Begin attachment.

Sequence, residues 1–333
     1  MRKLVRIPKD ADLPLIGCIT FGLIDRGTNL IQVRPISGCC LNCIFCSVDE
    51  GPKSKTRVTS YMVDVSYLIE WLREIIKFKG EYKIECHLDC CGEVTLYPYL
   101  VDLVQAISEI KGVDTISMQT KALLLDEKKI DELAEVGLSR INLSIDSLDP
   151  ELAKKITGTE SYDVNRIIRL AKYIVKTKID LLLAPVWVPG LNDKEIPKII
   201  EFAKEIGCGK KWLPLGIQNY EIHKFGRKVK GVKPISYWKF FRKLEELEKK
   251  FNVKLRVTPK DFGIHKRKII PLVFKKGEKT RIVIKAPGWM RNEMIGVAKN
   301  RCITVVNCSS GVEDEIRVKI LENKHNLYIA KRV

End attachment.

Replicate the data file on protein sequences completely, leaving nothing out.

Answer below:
Sequence, residues 1–333
     1  MRKLVRIPKD ADLPLIGCIT FGLIDRGTNL IQVRPISGCC LNCIFCSVDE
    51  GPKSKTRVTS YMVDVSYLIE WLREIIKFKG EYKIECHLDC CGEVTLYPYL
   101  VDLVQAISEI KGVDTISMQT KALLLDEKKI DELAEVGLSR INLSIDSLDP
   151  ELAKKITGTE SYDVNRIIRL AKYIVKTKID LLLAPVWVPG LNDKEIPKII
   201  EFAKEIGCGK KWLPLGIQNY EIHKFGRKVK GVKPISYWKF FRKLEELEKK
   251  FNVKLRVTPK DFGIHKRKII PLVFKKGEKT RIVIKAPGWM RNEMIGVAKN
   301  RCITVVNCSS GVEDEIRVKI LENKHNLYIA KRV